File Systems #
Apache Flink uses file systems to consume and persistently store data, both for the results of applications and for fault tolerance and recovery. These are some of most of the popular file systems, including local, hadoop-compatible, Amazon S3, Aliyun OSS and Azure Blob Storage.
The file system used for a particular file is determined by its URI scheme.
file:///home/user/text.txt refers to a file in the local file system, while
hdfs://namenode:50010/data/user/text.txt is a file in a specific HDFS cluster.
File system instances are instantiated once per process and then cached/pooled, to avoid configuration overhead per stream creation and to enforce certain constraints, such as connection/stream limits.
Local File System #
Flink has built-in support for the file system of the local machine, including any NFS or SAN drives mounted into that local file system. It can be used by default without additional configuration. Local files are referenced with the file:// URI scheme.
Pluggable File Systems #
The Apache Flink project supports the following file systems:
Amazon S3 object storage is supported by two alternative implementations:
flink-s3-fs-hadoop. Both implementations are self-contained with no dependency footprint.
Aliyun Object Storage Service is supported by
flink-oss-fs-hadoopand registered under the oss:// URI scheme. The implementation is based on the Hadoop Project but is self-contained with no dependency footprint.
Azure Data Lake Store Gen2 is supported by
flink-azure-fs-hadoopand registered under the abfs(s):// URI schemes. The implementation is based on the Hadoop Project but is self-contained with no dependency footprint.
Azure Blob Storage is supported by
flink-azure-fs-hadoopand registered under the wasb(s):// URI schemes. The implementation is based on the Hadoop Project but is self-contained with no dependency footprint.
Google Cloud Storage is supported by
gcs-connectorand registered under the gs:// URI scheme. The implementation is based on the Hadoop Project but is self-contained with no dependency footprint.
You can and should use any of them as plugins.
To use a pluggable file systems, copy the corresponding JAR file from the
opt directory to a directory under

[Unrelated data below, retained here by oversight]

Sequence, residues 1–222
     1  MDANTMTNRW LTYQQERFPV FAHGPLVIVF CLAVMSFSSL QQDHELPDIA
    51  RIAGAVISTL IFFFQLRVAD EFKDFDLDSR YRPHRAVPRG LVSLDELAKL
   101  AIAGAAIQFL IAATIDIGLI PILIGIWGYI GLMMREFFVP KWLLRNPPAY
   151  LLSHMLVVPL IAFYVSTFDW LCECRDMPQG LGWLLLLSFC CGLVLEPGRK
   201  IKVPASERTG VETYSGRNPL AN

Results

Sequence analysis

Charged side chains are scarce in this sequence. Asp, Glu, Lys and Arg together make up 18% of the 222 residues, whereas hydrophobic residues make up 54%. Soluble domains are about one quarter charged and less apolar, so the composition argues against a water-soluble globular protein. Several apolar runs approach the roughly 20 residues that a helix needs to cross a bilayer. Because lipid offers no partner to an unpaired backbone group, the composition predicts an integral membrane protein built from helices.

of your Flink distribution before starting Flink, e.g.
mkdir ./plugins/s3-fs-hadoop cp ./opt/flink-s3-fs-hadoop-1.16.0.jar ./plugins/s3-fs-hadoop/
Attention The plugin mechanism for file systems was introduced in Flink version
support dedicated Java class loaders per plugin and to move away from the class shading mechanism.
You can still use the provided file systems (or your own implementations) via the old mechanism by copying the corresponding
JAR file into
lib directory. However, since 1.10, s3 plugins must be loaded through the plugin mechanism; the old
way no longer works as these plugins are not shaded anymore (or more specifically the classes are not relocated since 1.10).
It’s encouraged to use the plugins-based loading mechanism for file systems that support it. Loading file systems components from the
directory will not supported in future Flink versions.
Adding a new pluggable File System implementation #
File systems are represented via the
org.apache.flink.core.fs.FileSystem class, which captures the ways to access and modify files and objects in that file system.
To add a new file system:
- Add the File System implementation, which is a subclass of
- Add a factory that instantiates that file system and declares the scheme under which the FileSystem is registered. This must be a subclass of
- Add a service entry. Create a file
META-INF/services/org.apache.flink.core.fs.FileSystemFactorywhich contains the class name of your file system factory class (see the Java Service Loader docs for more details).
During plugins discovery, the file system factory class will be loaded by a dedicated Java class loader to avoid class conflicts with other plugins and Flink components. The same class loader should be used during file system instantiation and the file system operation calls.
In practice, it means you should avoid using
Thread.currentThread().getContextClassLoader()class loader in your implementation.
Hadoop File System (HDFS) and its other implementations #
For all schemes where Flink cannot find a directly supported file system, it falls back to Hadoop.
All Hadoop file systems are automatically available when
flink-runtime and the Hadoop libraries are on the classpath.
This way, Flink seamlessly supports all of Hadoop file systems implementing the
and all Hadoop-compatible file systems (HCFS).
- HDFS (tested)
- Alluxio (tested, see configuration specifics below)
- XtreemFS (tested)
- FTP via Hftp (not tested)
- HAR (not tested)
The Hadoop configuration has to have an entry for the required file system implementation in the
See example for Alluxio.
We recommend using Flink’s built-in file systems unless required otherwise. Using a Hadoop File System directly may be required,
for example, when using that file system for YARN’s resource storage, via the
fs.defaultFS configuration property in Hadoop’s
For Alluxio support add the following entry into the
<property> <name>fs.alluxio.impl</name> <value>alluxio.hadoop.FileSystem</value> </property>